(Bloomberg) — The Patient Protection and Affordable Care Act (PPACA) has been great business for U.S. health insurers. Just not everywhere.
Georgia is Humana Inc.’s second-biggest market for insurance policies sold under the health law, and the home of what may be its biggest misstep. The company is now attempting a turnaround as it tries to make its strategy of selling coverage directly to consumers a success.
If it can’t, it will quit the state. “We have to make a return,” Humana Chief Executive Officer Bruce Broussard said in an interview. “We can’t have one business being subsidized by another business.”
Humana’s Georgia struggle shows the challenges health insurers face entering unfamiliar markets. President Barack Obama’s 2010 health-care law will provide an estimated $19 billion in subsidies and helped about 12 million people buy coverage for this year. As insurers have raced to capture those customers, some are doing well, and others have overreached.
Humana (NYSE:HUM), which touts its skills at selling health insurance directly to individuals, ran into trouble in Georgia after charging too little for plans it sold on the state’s new marketplace. Customers came running.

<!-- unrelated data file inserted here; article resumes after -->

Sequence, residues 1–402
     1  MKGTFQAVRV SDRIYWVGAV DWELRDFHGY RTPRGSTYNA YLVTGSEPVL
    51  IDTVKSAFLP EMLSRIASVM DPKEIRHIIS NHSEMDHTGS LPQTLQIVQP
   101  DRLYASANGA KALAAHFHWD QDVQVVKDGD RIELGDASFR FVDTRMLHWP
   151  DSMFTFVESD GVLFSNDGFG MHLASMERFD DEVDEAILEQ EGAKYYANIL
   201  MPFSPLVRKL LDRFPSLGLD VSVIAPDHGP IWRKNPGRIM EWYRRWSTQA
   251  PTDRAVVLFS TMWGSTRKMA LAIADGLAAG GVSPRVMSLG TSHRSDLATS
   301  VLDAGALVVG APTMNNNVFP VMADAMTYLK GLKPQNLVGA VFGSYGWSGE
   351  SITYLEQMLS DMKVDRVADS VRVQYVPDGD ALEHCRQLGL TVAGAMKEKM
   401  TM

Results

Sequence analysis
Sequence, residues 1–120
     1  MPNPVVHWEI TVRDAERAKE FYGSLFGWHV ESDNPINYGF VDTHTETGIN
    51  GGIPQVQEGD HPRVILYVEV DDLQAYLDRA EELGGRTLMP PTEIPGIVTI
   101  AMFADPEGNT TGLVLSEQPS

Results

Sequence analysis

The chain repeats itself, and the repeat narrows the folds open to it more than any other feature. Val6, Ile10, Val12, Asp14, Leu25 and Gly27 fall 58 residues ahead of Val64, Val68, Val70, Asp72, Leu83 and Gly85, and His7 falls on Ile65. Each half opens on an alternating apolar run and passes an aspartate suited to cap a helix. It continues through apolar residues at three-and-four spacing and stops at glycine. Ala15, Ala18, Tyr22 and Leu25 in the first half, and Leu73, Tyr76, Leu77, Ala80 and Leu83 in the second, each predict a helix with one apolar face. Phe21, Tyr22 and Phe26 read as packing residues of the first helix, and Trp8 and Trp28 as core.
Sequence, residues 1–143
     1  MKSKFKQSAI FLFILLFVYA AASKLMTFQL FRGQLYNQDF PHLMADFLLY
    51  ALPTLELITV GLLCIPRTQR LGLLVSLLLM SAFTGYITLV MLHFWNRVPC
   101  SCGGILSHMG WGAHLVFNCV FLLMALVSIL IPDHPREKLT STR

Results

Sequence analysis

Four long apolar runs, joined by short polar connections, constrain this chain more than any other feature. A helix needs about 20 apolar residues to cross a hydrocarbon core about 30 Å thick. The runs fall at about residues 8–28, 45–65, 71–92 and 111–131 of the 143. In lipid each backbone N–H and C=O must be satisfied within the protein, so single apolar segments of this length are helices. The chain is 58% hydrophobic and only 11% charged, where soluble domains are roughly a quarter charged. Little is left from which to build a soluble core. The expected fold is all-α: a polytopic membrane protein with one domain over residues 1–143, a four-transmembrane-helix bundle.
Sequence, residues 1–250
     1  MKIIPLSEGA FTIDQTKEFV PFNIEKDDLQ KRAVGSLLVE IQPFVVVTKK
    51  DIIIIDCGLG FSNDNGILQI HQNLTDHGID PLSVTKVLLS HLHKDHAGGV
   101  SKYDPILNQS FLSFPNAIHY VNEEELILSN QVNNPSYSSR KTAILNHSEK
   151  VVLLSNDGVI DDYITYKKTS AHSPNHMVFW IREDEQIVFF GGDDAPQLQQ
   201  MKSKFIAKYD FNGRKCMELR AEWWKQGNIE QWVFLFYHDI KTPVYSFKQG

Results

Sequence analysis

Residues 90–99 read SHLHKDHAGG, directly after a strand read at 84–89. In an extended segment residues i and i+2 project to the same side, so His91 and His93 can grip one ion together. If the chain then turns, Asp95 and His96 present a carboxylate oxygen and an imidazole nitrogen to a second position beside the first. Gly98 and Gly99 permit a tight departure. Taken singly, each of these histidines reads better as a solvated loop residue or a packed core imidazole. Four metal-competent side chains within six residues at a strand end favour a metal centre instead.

Unfortunately, more of them were sicker than Humana expected. Flooded with patients, Humana let them see doctors who aren’t in its networks. That’s expensive — health insurers make deals with doctors and hospitals to add them to their networks, negotiating lower prices in return for business.
The out-of-network generosity cost the insurer. Humana’s stock declined 7.2 percent on April 29 after the insurer reported first-quarter profit that fell short of estimates amid increased spending on medical claims. It blamed some of its troubles on Georgia. Despite that, Humana’s stock is up 24 percent this year.
Back in network
Months later, it’s ending the out-of-network flexibility, Broussard said.
“We didn’t have the capacity, to be honest with you, to be able to bring them back in,” he said. “Starting in July we will begin to start not allowing” the out-of-network visits.